Models of climate change predict that El Niño will occur more often as the global temperature rises. A new study provides long-term data to prove it.

Researchers from Australia procured 400 years worth of data on El Niño from coral records. They found that a new category of El Niño has become more prevalent in the last few decades.

The study offers better understanding of the El Niño and the patterns that have emerged due to climate change. The paper was published in the journal Nature Geoscience.

El Niño Becoming More Frequent, More Intense

The new category of El Niño, characterized by warm sea surface temperature in the central Pacific instead of the usual far eastern Pacific, has been observed more in recent decades, including the 2014-2015 event and, more recently, 2018-2019.

By the end of the 20th Century, the researchers reported that the world saw a sharp increase in central Pacific El Niño events. Meanwhile, the eastern Pacific El Niño events stayed relatively low, but the most recent occurrences (1982-1983, 1997-1998, 2015-2016) were more intense than usual.

They found the emergence of the new trend by looking at corals found in the tropical Pacific.

"The corals started growing decades to centuries before we began routinely measuring the climate with instruments," the researchers wrote in The Conversation. " The corals are an excellent archive of changes in water conditions they experience as they grow, including ocean changes related to El Niño."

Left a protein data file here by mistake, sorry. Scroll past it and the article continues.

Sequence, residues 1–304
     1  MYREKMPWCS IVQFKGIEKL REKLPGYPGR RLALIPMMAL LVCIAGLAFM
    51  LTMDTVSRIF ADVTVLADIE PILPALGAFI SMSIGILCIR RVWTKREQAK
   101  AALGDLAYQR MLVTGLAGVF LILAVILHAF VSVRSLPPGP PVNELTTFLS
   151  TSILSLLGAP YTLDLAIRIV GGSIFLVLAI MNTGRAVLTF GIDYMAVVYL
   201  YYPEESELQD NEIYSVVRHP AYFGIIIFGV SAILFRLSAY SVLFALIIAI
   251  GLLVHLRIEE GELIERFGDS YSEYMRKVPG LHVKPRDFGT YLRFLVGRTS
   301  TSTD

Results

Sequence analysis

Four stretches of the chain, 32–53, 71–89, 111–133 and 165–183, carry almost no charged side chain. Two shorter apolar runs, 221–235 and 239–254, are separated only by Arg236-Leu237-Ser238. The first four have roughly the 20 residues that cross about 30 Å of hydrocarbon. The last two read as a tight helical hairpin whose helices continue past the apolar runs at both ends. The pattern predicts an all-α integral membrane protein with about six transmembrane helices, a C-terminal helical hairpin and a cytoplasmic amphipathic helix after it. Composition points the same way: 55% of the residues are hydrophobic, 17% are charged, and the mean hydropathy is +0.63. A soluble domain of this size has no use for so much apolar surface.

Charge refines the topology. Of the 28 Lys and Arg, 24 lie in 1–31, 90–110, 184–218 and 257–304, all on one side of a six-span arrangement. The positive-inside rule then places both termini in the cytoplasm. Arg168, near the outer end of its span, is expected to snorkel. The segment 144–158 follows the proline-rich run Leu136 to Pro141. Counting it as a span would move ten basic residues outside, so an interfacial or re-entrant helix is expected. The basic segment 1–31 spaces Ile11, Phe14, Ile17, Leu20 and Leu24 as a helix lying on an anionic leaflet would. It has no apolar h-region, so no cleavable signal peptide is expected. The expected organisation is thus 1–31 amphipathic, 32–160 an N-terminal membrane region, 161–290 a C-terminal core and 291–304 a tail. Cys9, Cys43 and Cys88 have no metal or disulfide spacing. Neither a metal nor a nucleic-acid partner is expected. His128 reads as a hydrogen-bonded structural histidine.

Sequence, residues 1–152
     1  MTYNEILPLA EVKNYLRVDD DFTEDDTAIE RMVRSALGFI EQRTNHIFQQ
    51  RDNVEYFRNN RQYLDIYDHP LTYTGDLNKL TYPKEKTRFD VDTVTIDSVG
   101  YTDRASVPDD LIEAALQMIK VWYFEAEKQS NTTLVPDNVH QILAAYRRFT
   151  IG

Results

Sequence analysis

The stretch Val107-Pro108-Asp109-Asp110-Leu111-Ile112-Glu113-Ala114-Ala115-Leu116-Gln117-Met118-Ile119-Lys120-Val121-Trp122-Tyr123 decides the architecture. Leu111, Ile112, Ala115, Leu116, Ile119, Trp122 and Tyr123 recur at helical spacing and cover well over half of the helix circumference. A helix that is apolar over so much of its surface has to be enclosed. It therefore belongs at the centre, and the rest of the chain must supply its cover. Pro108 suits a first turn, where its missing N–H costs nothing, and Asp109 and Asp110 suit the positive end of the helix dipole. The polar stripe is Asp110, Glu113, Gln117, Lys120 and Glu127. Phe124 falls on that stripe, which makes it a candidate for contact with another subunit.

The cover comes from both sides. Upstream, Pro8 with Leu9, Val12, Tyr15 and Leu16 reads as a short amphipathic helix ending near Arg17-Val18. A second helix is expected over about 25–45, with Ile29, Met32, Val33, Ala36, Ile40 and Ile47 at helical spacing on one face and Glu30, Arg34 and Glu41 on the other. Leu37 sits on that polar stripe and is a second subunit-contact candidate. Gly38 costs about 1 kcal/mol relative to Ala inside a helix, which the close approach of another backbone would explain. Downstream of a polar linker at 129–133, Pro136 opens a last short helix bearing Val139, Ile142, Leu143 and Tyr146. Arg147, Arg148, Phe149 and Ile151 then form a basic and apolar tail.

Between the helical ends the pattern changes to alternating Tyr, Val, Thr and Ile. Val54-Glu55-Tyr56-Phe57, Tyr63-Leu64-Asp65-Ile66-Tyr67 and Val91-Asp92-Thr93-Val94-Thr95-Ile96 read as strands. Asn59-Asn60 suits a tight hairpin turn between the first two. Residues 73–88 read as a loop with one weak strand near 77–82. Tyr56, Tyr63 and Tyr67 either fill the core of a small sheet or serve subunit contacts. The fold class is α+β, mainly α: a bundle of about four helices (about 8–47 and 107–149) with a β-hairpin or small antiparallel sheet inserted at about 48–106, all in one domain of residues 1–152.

Using data collected from coral cores, the researchers trained an algorithm to recognize characteristic patterns of El Niño events, when it happened, and what type occurred. The team was able to reconstruct a history of El Niño events from the past 400 years.

What Changing El Niño Trends Mean For The World

El Niño is associated with reduced rainfall in Asia and Australia, but it also affects the weather in North America. During an El Niño event, the U.S. Gulf Coast and Florida might experience wetter-than-average conditions while Ohio Valley and the Pacific Northwest might see drier-than-average conditions.

Changes to El Niño behavior will have implications to the weather patterns around the world, affecting not only the human population but also ecosystems. For example, the researchers pointed out the 2015-2016 Eastern-Pacific El Niño event which led to disease outbreaks in several parts of the planet.

"With the impacts of climate change continuing to unfold, many of the hottest years on record also coincide with El Niño events," they warned.

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